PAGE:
Tight Integration of LAM/MPI and SGE Tight Integration of MPICH and SGE — With Application Notes Tight Integration of MPICH2 and SGE Removal of orphaned processes especially for MPICH2's mpd Tight Integration of PVM and SGE Mvapich (MPICH Infiniband) + Loose/Tight SGE Integration Tight integration of Open MPI with SGE and Open MPI suspend/resume
DRMAA C Binding File Staging in Grid Engine 6.0 with DRMAA DRMAA JavaTM Language Binding DRMAA Python Tutorial and Information See also the Ruby, Perl, Clojure, Tcl, alternative Java/Ruby, Go, and Erlang bindings.
Information from ARCo source repository. The webconsole/reporting components aren't supported. ARCo and Oracle 10g Database ARCo on MySQL Database (obsolete) Setting up dbwriter with Postgres Space Requirements for the ARCo database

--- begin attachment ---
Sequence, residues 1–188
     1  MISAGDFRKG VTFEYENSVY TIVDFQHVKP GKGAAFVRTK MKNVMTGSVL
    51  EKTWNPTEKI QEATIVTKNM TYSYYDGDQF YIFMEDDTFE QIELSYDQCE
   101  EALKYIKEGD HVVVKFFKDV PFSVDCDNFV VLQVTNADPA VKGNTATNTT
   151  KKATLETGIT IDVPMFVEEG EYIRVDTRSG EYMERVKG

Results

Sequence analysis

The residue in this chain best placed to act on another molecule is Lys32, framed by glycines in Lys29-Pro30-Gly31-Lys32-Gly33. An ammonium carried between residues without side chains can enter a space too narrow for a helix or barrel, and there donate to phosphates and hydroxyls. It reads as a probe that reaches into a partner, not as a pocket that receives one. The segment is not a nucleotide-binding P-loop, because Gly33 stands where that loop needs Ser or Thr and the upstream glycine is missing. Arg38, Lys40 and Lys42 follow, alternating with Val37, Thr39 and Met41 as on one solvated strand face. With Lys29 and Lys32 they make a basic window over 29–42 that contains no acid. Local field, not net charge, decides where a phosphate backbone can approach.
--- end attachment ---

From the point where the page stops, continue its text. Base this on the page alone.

Install SGE 6.2 patches Bugfixes for SGE 6.2 Bugfixes for SGE 6.1 Bugfixes for SGE 6.0 Bugfixes for SGE 5.3 Installation on Windows XP/SFU [broken link] and older Windows material
Groupthink : Two Party System as Polyarchy : Corruption of Regulators : Bureaucracies : Understanding Micromanagers and Control Freaks : Toxic Managers : Harvard Mafia : Diplomatic Communication : Surviving a Bad Performance Review : Insufficient Retirement Funds as Immanent Problem of Neoliberal Regime : PseudoScience : Who Rules America : Neoliberalism : The Iron Law of Oligarchy : Libertarian Philosophy